Part 14: Record Shows, Parties, and Quiet Riot

You do strange things when drinking

You do strange things when drinking

RECORD STORE TALES Part 14:   Record Shows, Parties, and Quiet Riot

Guys from record stores do know how to party.  The only true allnighters I ever pulled happened during the years at the record store.  Everything else I called an allnighter, I actually slept for a couple hours.

But trust me folks…guys from record stores play the best music when they party.  One night in London (Ontario) we stayed up for what seemed like forever, playing the dumbest fucking drinking games.  My drink was Captain Morgan’s (spiced) and Coke.  However we were playing this stupid fucking card game.  I think it was called Kings in the Corner or something?  Each card was a rule?  2 of anything meant you take two drinks, 3, meant you take 3 drinks, etc.  And then on some cards, like 6, you’d GIVE 6 drinks to someone else.  And a joker meant you took a shot of Wild Turkey.  Here’s the photo of my first shot of Wild Turkey from that very night.

r-l: Me, Tom, Meat

Like I said, we knew how to party.  From that night forward, when I got loaded, my nickname became “Jim”.  And as I took a shot, they’d say, “Here comes Jim!!” Anyway, who gives a crap about that?  There’s loads of people who partied harder.  We party better. 

The best stimulant imaginable is music, and I heard some of the best music ever at those parties. The first time I ever heard Kyuss was at the party at Tom’s place in London.  He didn’t start with Kyuss, though.  He started with some bootleg Black Sabbath video from 1970.  It was taped in some…well, it probably was a highschool cafeteria.  That’s what it looked like.  It was awesome.  It was easily in the top five times I ever truly had my mind blown.

During “Black Sabbath” itself, Ozzy got this crazed look in his eye!  You could see it!  Then he just started going mad on stage, thrashing about, that leather jacket of his flailing about him.  Ozzy’s said before he has another person inside him when he gets crazy, someone they call “Him”.  Maybe what they captured on tape that night was an appearance by “Him”?  Who knows?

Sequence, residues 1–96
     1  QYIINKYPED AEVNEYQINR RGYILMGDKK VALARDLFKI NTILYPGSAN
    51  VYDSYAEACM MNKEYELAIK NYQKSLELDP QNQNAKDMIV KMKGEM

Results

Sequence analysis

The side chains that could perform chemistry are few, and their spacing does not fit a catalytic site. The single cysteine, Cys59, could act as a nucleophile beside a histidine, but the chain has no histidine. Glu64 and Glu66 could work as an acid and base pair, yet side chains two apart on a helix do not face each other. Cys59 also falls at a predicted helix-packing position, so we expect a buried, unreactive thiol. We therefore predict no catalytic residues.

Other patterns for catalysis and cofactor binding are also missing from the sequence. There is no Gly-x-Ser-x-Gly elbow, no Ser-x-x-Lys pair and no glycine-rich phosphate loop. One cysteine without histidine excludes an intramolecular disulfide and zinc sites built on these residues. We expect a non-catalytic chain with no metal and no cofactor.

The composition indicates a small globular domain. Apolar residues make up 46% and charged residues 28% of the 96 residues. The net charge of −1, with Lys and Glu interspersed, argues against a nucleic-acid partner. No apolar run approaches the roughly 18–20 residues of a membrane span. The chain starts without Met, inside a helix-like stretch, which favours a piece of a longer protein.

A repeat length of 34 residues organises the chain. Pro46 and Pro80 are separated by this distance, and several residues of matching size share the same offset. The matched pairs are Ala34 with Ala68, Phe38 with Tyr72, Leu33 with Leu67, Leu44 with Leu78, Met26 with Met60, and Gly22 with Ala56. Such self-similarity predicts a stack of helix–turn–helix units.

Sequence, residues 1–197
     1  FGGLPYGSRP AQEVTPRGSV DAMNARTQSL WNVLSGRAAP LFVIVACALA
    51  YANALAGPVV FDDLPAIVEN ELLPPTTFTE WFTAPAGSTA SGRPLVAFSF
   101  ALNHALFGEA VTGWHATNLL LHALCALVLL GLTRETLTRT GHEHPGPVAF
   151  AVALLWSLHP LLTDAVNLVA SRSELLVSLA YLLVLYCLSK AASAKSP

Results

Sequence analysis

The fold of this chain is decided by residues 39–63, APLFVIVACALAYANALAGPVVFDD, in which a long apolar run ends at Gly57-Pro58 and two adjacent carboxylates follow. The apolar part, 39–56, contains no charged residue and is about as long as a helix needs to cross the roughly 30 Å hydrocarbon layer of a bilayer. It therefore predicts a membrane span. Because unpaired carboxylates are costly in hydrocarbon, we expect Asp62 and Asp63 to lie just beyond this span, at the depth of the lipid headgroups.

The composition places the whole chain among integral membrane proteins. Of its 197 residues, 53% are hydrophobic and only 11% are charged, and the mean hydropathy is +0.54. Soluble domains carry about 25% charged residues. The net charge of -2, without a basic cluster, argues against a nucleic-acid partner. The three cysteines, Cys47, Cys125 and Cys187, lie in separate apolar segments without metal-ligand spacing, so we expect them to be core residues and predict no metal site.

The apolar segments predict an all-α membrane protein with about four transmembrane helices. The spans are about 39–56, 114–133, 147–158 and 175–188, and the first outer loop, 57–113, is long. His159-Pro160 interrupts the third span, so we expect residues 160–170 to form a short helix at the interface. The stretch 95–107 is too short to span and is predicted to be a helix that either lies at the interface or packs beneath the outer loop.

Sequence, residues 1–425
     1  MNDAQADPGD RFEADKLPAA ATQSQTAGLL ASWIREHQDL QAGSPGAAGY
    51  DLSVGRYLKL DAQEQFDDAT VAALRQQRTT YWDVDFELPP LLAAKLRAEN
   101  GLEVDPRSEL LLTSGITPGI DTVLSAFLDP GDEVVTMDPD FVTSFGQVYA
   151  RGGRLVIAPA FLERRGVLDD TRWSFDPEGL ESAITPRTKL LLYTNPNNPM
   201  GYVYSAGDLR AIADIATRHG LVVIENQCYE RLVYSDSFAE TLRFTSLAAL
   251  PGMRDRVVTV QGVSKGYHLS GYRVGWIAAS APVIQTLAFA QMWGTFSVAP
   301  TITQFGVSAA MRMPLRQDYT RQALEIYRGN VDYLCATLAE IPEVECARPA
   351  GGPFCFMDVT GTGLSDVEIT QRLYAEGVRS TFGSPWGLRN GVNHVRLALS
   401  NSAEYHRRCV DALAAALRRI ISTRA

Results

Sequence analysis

The cool thing though is another of my top five mind-blows of all time happened that night too.  Kyuss. I made a nice bed on the floor out of pillows and blankets and stuff, and I passed out in front of the stereo.  I woke up a short time later, as some of the guys were heading out (walking) to catch last call at the local pop shop.  I just kind of laid there listening to the music…I was falling in and out of consciousness to this heavy, drony music.  It was awesome.  I didn’t know who it was.

I was told the following morning that it was Kyuss.  Tom told me he left the Kyuss / Queens of the Stone Age split EP in the player.  From that I pieced together that the song I must have heard was “Fatso Forgotso”.   I still remember how it rolled over me like a wave that night.

We had to be up fairly early the next morning, as we were hitting a record show in London.  If you don’t know what a record show is, I’ll take a moment to explain.  If you do, skip the next paragraph